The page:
Corn, globalization and an election in Iowa

The price of corn is rising in the Midwest. So is globalization bashing.


Andrew Leonard
November 6, 2006 11:59PM (UTC)

Since mid-September, the Wall Street Journal reports this morning, the price of corn has risen 55 percent. The reason: a surging demand for ethanol. The result: Corn farmers are delighted, but livestock farmers who depend on corn for animal feed are grumbling, and packaged food producers may soon see their profits tighten as the price of a key ingredient in just about everything ramps up.

The ramifications don't stop there: Consumers worried that the price of milk, steak, corn flakes and Coca Cola might rise can take heart that corn subsidies paid by the federal government to prop up low prices, currently to the tune of $8 billion annually, might fall, to as little as $2 billion.

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Let's put aside the question of whether it makes any sense for corn-based ethanol to be the booming biofuel of choice in the American economy (most likely, it doesn't). In the big picture, the surging hunger for ethanol is a response to rising oil prices, which has been propelled by tightening supply and rising demand, worldwide. It is, in short, a global story. Economic growth in China is pushing up the price of corn in Iowa, even if ethanol produced in Iowa isn't going directly to Shanghai.

How the World Works is thinking about Iowa in particular, because of another Wall Street Journal article about a congressional race in that state in which the Democratic candidate, Bruce Braley, is making inroads by bashing globalization.

In one of the most closely watched congressional races, Mr. Braley has made opposition to the Bush administration's free-trade agenda a centerpiece of his campaign. He has run ads blaming the state's job losses on President Bush's "unfair trade deals." He has urged more focus on labor rights in national trade policy and talked of using economic sanctions to keep America competitive. "Our workers aren't on a level playing field," he says.

Mr. Braley's stance has helped propel the 49-year-old lawyer, who is running against an unabashedly free-trade Republican, into position to reverse recent trends and secure a Democratic win in Iowa's First District. His strong showing not only underscores how trade concerns have emerged as a central issue in many of this year's races but also suggests a more-protectionist U.S. trade policy if Democrats take Congress.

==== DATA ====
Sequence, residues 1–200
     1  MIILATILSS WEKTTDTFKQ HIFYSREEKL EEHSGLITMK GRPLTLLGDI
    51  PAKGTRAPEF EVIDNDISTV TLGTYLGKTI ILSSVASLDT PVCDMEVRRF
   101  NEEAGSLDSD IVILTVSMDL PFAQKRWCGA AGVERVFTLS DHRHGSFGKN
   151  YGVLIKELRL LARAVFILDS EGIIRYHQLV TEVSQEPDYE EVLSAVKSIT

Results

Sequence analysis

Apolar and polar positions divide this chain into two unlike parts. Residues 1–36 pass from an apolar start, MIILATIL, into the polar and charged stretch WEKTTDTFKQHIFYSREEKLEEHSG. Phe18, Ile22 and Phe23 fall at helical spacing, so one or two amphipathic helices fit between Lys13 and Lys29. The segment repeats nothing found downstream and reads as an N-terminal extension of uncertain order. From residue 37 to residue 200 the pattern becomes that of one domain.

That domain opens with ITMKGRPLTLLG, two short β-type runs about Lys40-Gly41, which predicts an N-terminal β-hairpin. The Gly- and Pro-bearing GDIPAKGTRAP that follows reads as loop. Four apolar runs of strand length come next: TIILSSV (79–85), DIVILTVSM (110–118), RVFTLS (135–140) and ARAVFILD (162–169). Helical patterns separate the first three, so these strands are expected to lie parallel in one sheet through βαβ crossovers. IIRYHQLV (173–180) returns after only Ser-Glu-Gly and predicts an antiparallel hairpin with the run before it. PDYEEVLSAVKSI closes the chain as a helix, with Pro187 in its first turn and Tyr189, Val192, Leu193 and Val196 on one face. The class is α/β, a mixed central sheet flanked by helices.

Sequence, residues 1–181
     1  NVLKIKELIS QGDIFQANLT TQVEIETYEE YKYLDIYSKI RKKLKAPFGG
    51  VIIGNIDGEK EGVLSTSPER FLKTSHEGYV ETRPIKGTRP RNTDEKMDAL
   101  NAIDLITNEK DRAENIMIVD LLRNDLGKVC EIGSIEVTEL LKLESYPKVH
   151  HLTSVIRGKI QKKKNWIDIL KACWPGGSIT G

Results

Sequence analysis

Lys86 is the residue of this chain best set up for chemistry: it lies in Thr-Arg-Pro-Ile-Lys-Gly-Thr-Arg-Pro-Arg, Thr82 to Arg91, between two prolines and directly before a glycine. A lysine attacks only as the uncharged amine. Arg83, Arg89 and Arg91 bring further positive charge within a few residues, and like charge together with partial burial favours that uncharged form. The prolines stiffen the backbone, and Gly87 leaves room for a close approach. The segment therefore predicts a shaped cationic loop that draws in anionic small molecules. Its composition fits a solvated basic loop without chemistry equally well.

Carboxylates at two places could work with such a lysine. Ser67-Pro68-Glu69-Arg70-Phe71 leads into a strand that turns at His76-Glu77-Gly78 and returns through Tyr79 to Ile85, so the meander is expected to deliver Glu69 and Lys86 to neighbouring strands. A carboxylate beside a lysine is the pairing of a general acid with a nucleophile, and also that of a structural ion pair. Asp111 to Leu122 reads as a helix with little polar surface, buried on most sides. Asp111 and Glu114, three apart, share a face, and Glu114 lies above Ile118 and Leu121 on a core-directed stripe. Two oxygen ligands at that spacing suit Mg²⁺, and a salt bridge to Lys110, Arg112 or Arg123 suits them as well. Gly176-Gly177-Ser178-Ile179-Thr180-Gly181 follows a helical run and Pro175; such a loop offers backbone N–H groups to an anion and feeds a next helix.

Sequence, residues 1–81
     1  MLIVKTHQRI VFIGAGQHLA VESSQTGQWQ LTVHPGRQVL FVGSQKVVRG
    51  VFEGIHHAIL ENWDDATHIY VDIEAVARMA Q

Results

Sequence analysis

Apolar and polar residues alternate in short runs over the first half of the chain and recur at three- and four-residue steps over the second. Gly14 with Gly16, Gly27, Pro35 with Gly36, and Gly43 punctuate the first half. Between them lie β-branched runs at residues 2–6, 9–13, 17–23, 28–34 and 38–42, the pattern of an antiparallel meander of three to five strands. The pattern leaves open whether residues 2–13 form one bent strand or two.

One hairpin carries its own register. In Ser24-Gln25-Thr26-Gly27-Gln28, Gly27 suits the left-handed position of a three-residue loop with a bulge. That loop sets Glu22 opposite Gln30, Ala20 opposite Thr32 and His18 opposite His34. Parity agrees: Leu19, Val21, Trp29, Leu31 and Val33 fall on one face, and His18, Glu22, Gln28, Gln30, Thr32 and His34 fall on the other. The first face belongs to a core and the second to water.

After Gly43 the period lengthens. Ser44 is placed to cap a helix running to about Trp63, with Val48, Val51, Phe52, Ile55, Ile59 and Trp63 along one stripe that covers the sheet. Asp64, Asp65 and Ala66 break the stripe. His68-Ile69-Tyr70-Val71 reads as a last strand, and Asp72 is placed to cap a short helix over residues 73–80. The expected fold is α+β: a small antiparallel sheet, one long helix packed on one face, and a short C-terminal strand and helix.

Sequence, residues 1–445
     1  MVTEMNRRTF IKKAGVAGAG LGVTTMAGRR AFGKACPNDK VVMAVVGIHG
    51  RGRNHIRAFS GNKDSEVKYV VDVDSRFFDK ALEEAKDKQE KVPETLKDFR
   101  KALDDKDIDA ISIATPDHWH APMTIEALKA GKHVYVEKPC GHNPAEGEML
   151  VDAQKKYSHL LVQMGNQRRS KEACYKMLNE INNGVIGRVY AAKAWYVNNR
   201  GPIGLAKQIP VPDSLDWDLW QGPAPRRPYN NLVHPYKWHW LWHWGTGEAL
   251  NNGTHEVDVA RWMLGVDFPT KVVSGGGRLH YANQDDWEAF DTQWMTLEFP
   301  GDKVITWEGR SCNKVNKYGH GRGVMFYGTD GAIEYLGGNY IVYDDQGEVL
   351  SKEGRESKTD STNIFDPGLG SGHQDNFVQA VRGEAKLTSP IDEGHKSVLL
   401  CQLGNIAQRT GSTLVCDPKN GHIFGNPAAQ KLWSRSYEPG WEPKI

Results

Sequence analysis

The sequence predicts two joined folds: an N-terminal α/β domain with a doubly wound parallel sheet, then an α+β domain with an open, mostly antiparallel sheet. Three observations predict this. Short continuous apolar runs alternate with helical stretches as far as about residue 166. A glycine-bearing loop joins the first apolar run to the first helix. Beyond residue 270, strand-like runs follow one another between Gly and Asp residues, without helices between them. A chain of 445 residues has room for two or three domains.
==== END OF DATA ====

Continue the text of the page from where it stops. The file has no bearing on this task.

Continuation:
Even if Democrats don't win control, the campaign rhetoric may have a lasting effect, because some Republicans are finding it more painful politically to defend free trade.

How the World Works supports, in principle, the proposition that increased trade among the nations of the earth will benefit the world in the long run. And we would rather see substantial improvements in the American safety net -- unemployment insurance, wage insurance, healthcare, job retraining -- than economic sanctions against countries that are poorer than the U.S. But there is zero sympathy here for Republicans wringing their hands at the prospect of anti-free trade Democrats taking power in Congress. Never mind the economic case for "free trade": If Republicans wanted to make a solid political case for trade then some effort should have been made to ensure that the gains from trade were shared equally among all sectors of the electorate. That has demonstrably not been the case. The stunning thing about politics in the United States is how long it has taken for popular resentment at how the rich keep getting richer while the poor and the middle class run in place to translate into results at the ballot box.

(And before we get ahead of ourselves, it's worth noting, at this penultimate electoral moment, that it is by no means clear that this election is about the economy. Without the Iraq debacle, and the stunning string of Republican-dominated political scandals, would Republicans be in danger of losing their majority in the House?)

Thinking about the price of corn in Iowa adds a distinctive taste of corn syrup to the pros and cons of globalization. If oil prices stay high or go higher, a world market for biofuels will inevitably grow -- regardless of the substantial negative environmental implications of industrial corn production, or endless debates about the energy efficiency of soybeans vs. palm oil vs. sugar vs. corn. Farmers in the U.S. -- more efficient, more technologically advanced, more productive than farmers anywhere in the world -- will stand to benefit from such markets. That would make them, in my mind, pro-globalization.

Democratic candidate Bruce Braley may be running against globalization with some success in Iowa, but what he's really campaigning against are the results of the unequal distribution of the benefits of globalization. That's harder to make a catchy campaign slogan out of, but I'll bet Iowa farmers understand the nuances.

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UPDATE: Mark Thoma at Economist's View has more thoughts (and links) on this subject (minus the corn factor.)


Andrew Leonard

Andrew Leonard is a staff writer at Salon. On Twitter, @koxinga21.

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